How Pakistan's prime minister survived a crisis

A rumoured Egypt-style coup appears to have been averted in Pakistan due to an independent media and united parliament

How Pakistan's prime minister survived a crisis

Could Pakistan's army have pulled off a coup to emulate Abdel-Fattah al-Sisi's in Egypt in 2013? Three weeks of anti-government protests and an increasingly vocal army had raised such fears. It now seems unlikely, with a vibrant media, united parliament and unexpectedly low protester turnout meaning that the opposition to Prime Minister Nawaz Sharif is fizzling out.

For weeks before former cricket star Imran Khan and controversial preacher Tahir-ul-Qadri launched their long march from the northeastern city of Lahore to Islamabad, there was speculation that the army was secretly involved. It may not have been pushing for Sharif's downfall itself but it was accused of giving Khan approval for the march. Another rumour was that the army had forged the unusual Khan-Qadri alliance; Khan simply wanted fresh elections and an investigation into voter fraud, Qadri was hoping for a comprehensive "revolution."

The army's role has come under ever-greater scrutiny in recent days. First, on August 28, it was announced that the army would be assuming the role of mediating the conflict. Then, after clashes began to break out between protesters and police on Saturday, the army stood idly by.

Even if it had hoped Khan and Qadri would help force Sharif out of power, it seems they are not pushing the matter. That could be because their combined forces could not quite muster the expected numbers. Khan and Qadri may have claimed a combined following of 2 million but independent observers were more conservative, putting the numbers at between 20,000 to 30,000. Those numbers shrank after the weekend's violence.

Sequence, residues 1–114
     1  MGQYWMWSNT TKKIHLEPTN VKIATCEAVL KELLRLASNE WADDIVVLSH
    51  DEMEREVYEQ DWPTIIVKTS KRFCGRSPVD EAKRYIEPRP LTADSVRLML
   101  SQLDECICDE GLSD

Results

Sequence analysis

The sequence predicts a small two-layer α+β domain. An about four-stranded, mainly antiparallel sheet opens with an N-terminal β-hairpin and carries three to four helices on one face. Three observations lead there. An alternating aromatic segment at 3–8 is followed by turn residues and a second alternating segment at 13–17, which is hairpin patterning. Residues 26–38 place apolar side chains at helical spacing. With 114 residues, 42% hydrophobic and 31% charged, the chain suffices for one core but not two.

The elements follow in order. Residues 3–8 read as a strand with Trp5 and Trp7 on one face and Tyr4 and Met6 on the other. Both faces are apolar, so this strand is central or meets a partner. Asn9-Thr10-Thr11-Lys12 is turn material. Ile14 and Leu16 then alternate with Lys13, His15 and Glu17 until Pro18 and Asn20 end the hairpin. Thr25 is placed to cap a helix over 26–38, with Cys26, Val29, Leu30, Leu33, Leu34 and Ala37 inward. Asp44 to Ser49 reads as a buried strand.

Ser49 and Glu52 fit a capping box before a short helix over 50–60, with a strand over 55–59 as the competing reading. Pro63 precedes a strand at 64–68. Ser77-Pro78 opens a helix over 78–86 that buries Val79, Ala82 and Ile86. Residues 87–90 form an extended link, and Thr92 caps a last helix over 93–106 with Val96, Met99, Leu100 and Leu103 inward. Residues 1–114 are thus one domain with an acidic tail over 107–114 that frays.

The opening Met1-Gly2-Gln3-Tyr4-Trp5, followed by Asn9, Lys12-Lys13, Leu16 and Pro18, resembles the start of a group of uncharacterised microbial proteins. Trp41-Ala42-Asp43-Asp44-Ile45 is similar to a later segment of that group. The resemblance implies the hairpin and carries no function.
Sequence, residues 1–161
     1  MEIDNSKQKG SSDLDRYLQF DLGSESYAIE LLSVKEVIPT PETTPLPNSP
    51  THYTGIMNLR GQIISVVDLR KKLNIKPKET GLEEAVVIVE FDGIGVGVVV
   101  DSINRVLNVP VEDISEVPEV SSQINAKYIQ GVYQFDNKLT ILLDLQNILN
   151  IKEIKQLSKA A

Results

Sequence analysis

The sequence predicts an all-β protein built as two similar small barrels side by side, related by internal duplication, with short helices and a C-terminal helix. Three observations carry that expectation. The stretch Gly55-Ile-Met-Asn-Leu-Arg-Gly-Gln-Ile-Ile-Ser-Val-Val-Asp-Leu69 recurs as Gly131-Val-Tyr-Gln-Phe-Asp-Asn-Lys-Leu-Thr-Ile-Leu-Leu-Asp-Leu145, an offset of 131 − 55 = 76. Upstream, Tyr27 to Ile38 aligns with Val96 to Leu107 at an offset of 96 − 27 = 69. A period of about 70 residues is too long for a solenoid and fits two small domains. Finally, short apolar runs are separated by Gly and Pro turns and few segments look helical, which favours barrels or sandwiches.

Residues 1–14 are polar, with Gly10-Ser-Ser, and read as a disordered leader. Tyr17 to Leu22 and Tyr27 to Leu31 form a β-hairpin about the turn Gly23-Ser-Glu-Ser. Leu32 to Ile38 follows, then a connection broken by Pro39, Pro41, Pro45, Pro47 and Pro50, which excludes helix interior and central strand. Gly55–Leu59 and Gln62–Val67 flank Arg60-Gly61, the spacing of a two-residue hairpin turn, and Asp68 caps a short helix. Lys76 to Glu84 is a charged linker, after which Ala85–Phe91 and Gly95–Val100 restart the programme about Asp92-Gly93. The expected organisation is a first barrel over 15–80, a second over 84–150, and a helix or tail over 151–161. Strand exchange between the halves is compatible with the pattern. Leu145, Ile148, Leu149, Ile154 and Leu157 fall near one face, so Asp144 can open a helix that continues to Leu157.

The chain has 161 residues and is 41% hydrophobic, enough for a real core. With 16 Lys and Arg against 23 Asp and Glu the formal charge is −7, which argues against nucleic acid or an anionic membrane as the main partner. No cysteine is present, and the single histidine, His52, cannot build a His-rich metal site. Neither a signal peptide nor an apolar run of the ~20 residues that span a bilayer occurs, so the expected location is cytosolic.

The media has also played a role. Apart from a select few, the independent media was openly critical of Khan and Qadri's protests. They criticized the army more indirectly by showing footage of soldiers outside state buildings -- which they were constitutionally bound to protect -- standing idly by while they were raided by protesters. On Monday, after protesters occupied the offices of a state TV channel, images circulated on social media showing soldiers offering water to protesters. It was only afterwards that the army publicly denied any role in the demonstrations.

The protest movement was also defeated by the rest of the opposition. Even the president of Khan's Pakistan Tehrik-e-Insaf part rejected his demands after Saturday's violence, claiming that Khan was being backed by the army. That statement may turn out to be the moment when the army was finally forced onto the back foot. 

Excepting Khan's followers, parliament has unerringly backed Sharif, and the electoral process, during the whole crisis. The judiciary also barred state institutions from using the political turmoil as a pretext for acting outside the constitution to remove Sharif. 

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Last Mod: 05 Eylül 2014, 14:22
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